Document Friday: How Donald Rumsfeld Cut the Queue to get DOD Documents Declassified.
Former Secretary of Defense Donald Rumsfeld created a bit of a stir when he announced that he was supplementing his book, Known and Unknown with “a portion of my [sic] Archive…available in digital form on my web site, www.rumsfeld.com, which accompanies and supports this memoir.” But exactly how he got these previously classified documents released remained a bit of a mystery. Until now.
After wikileaks released classified Department of State cables, Rumsfeld took to twitter to proclaim, “I was a co-sponsor of FOIA in 1966. There is an appropriate, lawful process for declassifying material. It’s not #Wikileaks…With my book I will release 100s of supporting docs on a website – many previously classified, but unlike #wikileaks, all cleared by USG.” But newly declassified documents, released in response to a National Security Archive FOIA request show that Rumsfeld did not use FOIA to win the release of the vast bulk of these documents. He used a provision of the President’s Executive Order on Classification that allows presidential appointees to request declassification of the documents they created during the tenure.
Many of the documents that Rumsfeld got declassified had been requested by the National Security Archive years earlier; when they were released to Rumsfeld, we were still languishing in the queue.
A “lawful process?” Sure. An “appropriate” process? Maybe. Good that the documents are declassified? Yes. A fair process? Certainly doesn’t feel that way if you are a frequent document requester who has had your request superseded so that a retired Secretary of Defense can pump-up his memoir sales and present his perception of history.
At any rate, here are some of the highlights from the 286 pages of correspondence between Rumsfeld, his researchers, and the Department of Defense Records and Declassification division:
- Rumsfeld appears to have begun requesting the declassification of documents in March 2007, three months after he resigned as SecDef. The earliest correspondence is almost identical –in appearance and bossiness— to the Secretary’s infamous“snowflakes.”
- Almost all of Rumsfeld’s correspondence with the DOD declassifies was conducted by a company named DHR-LLC whose mailing address was on M St. in Washington, DC. Almost all of the legwork in getting the documents released to DHR-LLC was conducted by the DHR-LLC employees Victoria G. Coates and Keith Urbahn. Coates –who’s background is in art history– is now in charge of Governor Rick Perry’s national security portfolio and frequently blogs on redstate.com (formerly under the handle “AcademicElephant”). The New York Times credits Keith Urbahn’s 10:52 PM tweet-leak (probably from his boss Rumsfeld) with “confirming” that Osama bin Laden had indeed been killed.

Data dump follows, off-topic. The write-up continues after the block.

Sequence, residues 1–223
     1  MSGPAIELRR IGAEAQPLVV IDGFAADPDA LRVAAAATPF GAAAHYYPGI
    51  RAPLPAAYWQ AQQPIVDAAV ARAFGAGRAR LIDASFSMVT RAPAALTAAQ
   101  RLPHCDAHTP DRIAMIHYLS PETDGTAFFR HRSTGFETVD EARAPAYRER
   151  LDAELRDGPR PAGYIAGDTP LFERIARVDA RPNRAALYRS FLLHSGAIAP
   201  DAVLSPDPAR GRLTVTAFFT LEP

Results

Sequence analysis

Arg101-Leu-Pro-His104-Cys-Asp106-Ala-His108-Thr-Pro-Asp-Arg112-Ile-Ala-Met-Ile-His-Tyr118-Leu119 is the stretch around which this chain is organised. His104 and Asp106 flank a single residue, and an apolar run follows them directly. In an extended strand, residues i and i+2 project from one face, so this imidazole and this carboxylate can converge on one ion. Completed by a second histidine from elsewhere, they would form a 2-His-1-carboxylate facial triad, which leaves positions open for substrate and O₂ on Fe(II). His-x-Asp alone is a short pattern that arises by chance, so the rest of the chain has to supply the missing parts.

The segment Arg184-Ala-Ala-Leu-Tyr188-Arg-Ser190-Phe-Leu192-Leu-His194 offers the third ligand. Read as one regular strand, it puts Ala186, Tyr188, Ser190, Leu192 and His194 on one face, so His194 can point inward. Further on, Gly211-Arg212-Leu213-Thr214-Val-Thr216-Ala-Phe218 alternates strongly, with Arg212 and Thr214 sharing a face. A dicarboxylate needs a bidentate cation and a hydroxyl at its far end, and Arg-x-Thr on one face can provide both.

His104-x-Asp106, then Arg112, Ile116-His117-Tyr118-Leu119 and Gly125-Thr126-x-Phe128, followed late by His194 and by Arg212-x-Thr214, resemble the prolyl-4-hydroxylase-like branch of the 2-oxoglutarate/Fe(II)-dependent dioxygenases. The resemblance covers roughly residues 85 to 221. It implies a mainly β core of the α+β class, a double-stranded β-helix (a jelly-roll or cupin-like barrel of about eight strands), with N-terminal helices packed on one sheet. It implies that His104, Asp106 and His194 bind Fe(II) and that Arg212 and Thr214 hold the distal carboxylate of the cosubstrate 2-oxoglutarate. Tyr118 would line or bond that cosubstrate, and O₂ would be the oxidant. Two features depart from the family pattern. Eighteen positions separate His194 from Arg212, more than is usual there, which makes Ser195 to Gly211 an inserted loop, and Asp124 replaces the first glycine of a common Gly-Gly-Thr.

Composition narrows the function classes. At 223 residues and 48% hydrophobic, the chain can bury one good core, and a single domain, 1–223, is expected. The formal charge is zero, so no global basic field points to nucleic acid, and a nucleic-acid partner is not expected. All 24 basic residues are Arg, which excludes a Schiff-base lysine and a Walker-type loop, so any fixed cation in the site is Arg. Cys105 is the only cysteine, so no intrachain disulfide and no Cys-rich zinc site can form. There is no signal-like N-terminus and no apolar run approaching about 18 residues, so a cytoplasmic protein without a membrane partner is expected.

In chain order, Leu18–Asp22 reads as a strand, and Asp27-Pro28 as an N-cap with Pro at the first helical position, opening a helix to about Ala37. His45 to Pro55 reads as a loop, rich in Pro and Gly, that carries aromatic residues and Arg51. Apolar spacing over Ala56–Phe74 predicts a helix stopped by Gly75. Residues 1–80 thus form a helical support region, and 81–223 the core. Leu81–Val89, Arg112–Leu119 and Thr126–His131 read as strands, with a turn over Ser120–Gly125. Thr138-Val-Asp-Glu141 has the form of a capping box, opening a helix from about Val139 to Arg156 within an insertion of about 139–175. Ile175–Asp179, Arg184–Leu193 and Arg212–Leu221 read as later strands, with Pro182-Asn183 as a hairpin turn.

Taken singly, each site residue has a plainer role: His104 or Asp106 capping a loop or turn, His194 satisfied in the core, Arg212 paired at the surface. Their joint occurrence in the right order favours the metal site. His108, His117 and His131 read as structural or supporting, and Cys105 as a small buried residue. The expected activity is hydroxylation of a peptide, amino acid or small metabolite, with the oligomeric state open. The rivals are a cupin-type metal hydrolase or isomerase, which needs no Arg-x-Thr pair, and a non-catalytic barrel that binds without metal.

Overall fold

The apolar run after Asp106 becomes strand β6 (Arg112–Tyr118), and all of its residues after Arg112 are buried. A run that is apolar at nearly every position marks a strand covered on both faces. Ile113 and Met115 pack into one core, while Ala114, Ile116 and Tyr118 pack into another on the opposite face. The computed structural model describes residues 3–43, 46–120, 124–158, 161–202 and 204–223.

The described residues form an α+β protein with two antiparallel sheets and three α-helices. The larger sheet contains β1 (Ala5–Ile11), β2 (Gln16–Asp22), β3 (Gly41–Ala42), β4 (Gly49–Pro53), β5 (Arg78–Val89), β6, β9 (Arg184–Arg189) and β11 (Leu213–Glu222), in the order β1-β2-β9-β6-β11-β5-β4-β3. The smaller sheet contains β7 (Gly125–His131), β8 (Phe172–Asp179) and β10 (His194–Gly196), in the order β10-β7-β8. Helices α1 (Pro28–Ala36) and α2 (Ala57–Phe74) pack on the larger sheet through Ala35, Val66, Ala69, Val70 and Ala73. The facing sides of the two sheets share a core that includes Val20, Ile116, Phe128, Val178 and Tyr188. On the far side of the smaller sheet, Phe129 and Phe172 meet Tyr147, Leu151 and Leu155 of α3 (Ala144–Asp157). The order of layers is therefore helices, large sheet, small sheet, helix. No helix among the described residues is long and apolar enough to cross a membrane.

- The DOD Records and Declassification Division has a strong reputation for good customer service toward requesters. The Division appears to have bent over backwards to accommodate Rumsfeld’s researchers. In one exchange, Coates sent an informal email inquiring about documents detailing an October 2001 meeting between Rumsfeld and the President of Uzbekistan, Islam Karimov. It would probably take a normal requester more than a year to receive a response for a request like this–and I’d bet that the record would likely be denied. Within seven minutes, a DOD official wrote back stating that the documents could be found in the Sec Def cables. Fifty-two seconds later, Coates shot back: “Can we get them?” Nine days later she received an email with a version of the documents.
- Another email showed that Rumsfeld and his staff were not immune to the key problem hindering effective declassification: the referral system. One February 2010 email showed that seventy-nine of his requests (forty-two percent) had to be referred to other agencies. Mr. Urbahn asked if there were any time frame estimates on the referrals. DOD replied it would, “keep pushing.” I’ve learned that this usually means, “don’t get your hopes up.” To his credit, Rumsfeld wrote a snowflake in August 2005 asking, “What do you think about initiating a program of finding ways to reduce the number of things that are classified, and to speed up the process of declassification?” A cynic might say he was already thinking about his book deal.
- One huge advantage Rumsfeld’s team had that “normal” requesters don’t is a knowledge of what documents existed. It’s much easier to get a document declassified when you can refer to its title (which “outsiders” can rarely do). To that end, the DOD’s release of Rumsfeld’s correspondence is a boon to Freedom of Information Advocates. It includes an index of all of the documents Rumsfeld requested— including many that are not on Rumsfeld’s website.
- Hopefully Donald Rumsfeld is now familiar with the National Security Archive. In at least one case, DOD referred Mr. Rumsfeld to our website to obtain a document.